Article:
Our Piper Arrow
The Big House is the old ranch house of what used to be a private working ranch. The house was built in the early 1900s and has 3 rooms that rent for $100 a night. That seems a little pricey but I can appreciate what it must take to operate a 3-room hotel in such a remote location, and of course it's still less expensive than staying at Lajitas. The park also has a bunkhouse with separate quarters for men and women for $35/night. Meals are available at the bunkhouse, with arrangements made in advance, for $25/day. That IS a good deal.
Runway 8/26 is asphalt, 5500 x 80 feet, and is in good condition (with a few weeds poking through). There are about 10 tie-downs at the west end; bring your own ropes. The wind sock is also at the west end. The wind in this area is most often out of the west so you will usually use runway 26. It is not lighted and there is no fuel available. There are mountains in the area but no significant obstructions nearby. The runway is almost a mile from the ranch but they will come out and pick you up. Just call before arrival and fly over the ranch before you land. AirNav.com reports 50 operations a year (1985). A park employee said they have someone fly in about once every week or two and there are a couple of fly-ins annually when there are many planes at the same time.
The airport was built by a former owner and is maintained by the park.
The Flight to Big Bend Ranch
Navigating to the ranch by GPS was easy. The private airstrip (3TE3) was not in our Garmin database so I added a user waypoint named 3TE3. If you don't have a GPS you'd better be up on your pilotage skills. There is no radar service, no ATC, few VORs, no ADFs, and few airports with fuel. If you see a river with water in it, it's probably the Rio Grande; cross it and you're in Mexico. The flight from Ozona to the ranch was spectacular. The region possesses dramatic geological features and many are best appreciated from the air.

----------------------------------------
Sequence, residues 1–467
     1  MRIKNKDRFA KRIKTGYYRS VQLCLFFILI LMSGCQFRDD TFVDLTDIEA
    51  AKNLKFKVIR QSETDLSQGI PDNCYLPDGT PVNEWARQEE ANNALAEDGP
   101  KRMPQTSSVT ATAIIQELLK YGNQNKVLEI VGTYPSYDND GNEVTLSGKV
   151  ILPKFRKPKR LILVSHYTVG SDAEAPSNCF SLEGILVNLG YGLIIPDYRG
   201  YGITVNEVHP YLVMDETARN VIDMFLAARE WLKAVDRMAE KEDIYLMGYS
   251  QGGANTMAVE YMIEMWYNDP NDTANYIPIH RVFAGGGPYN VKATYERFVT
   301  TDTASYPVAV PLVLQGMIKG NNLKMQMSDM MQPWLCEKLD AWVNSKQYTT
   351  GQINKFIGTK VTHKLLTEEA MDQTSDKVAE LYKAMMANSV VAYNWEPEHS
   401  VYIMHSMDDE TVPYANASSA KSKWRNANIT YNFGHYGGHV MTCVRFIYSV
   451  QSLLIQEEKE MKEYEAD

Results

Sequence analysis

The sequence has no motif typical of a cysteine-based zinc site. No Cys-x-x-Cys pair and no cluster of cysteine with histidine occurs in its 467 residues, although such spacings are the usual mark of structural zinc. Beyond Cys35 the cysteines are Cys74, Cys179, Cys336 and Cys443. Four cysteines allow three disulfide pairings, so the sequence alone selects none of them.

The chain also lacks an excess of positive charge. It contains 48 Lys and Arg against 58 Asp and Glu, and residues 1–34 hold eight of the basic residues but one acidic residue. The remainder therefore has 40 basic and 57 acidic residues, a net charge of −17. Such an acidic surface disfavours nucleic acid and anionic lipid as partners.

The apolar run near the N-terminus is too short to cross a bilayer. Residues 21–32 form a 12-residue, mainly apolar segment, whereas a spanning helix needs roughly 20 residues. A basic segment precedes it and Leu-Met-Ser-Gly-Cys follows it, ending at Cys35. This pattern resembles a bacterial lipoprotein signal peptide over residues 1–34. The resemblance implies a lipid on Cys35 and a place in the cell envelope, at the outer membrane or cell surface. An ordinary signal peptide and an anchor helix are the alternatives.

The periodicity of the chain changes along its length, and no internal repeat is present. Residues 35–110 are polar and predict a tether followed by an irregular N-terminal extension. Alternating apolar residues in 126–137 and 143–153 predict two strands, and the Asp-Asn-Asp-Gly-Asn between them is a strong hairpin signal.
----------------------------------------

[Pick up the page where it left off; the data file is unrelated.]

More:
Upon arrival, we flew low around the ranch before landing. A park employee arrived shortly and took us to the office for check-in and then to the Big House.
At Big Bend Ranch
See The Big House.
See Sauceda Nature Trail.
See Meanwhile, Back at the Ranch... Just some photos around Sauceda.
We were up early the following day and headed to the bunkhouse for breakfast which is served from 7:30 to 8:00 am. After breakfast we headed off for another walk down a creek bed out in front of the ranch compound which we had seen from the air. The flat terrain quickly turned into a rocky canyon with pools of water, a few trees and many birds.
Back at the ranch, we were the only guests receiving lunch at the bunkhouse, which was served at 12 noon.
After lunch, we walked 1.3 miles west down the road to the trailhead for Cinco Tenajas.
The trail is only 0.9 mile long and leads to an overlook where you can see down into the canyon where the tenajas are located. Then the trail leads down the hill where you can walk down the creek bed to the tenajas. We were pretty tired on the walk back to the ranch headquarters. We saw only one car on the road on our way to the trailhead and none on the way back. We walked 6.5 miles today.
See Cinco Tenajas.
The Return Flight
A video of the Takeoff from Big Bend Ranch Airport.
A video of Skimming through the Cloud Tops IFR between San Angelo and Georgetown.
The area has breathtaking beauty but it is not pristine. Ranching in the Big Bend turned a vast grassland into a vast desert. The higher elevations were once pine forests, harvested for local building materials. It doesn't seem likely that there will be a recovery. The park continues to run cattle on the property, though in small numbers. A semiannual cattle drive (one is in April) is one of the activities offered to guests. The geological features are more durable. Evidence of volcanic activity is everywhere. Mountains and mesas of dark stone line the horizon and contrast strikingly with the sky and clouds. The nighttime sky is also an impressive sight due to the dry air, altitude, and absence of light pollution.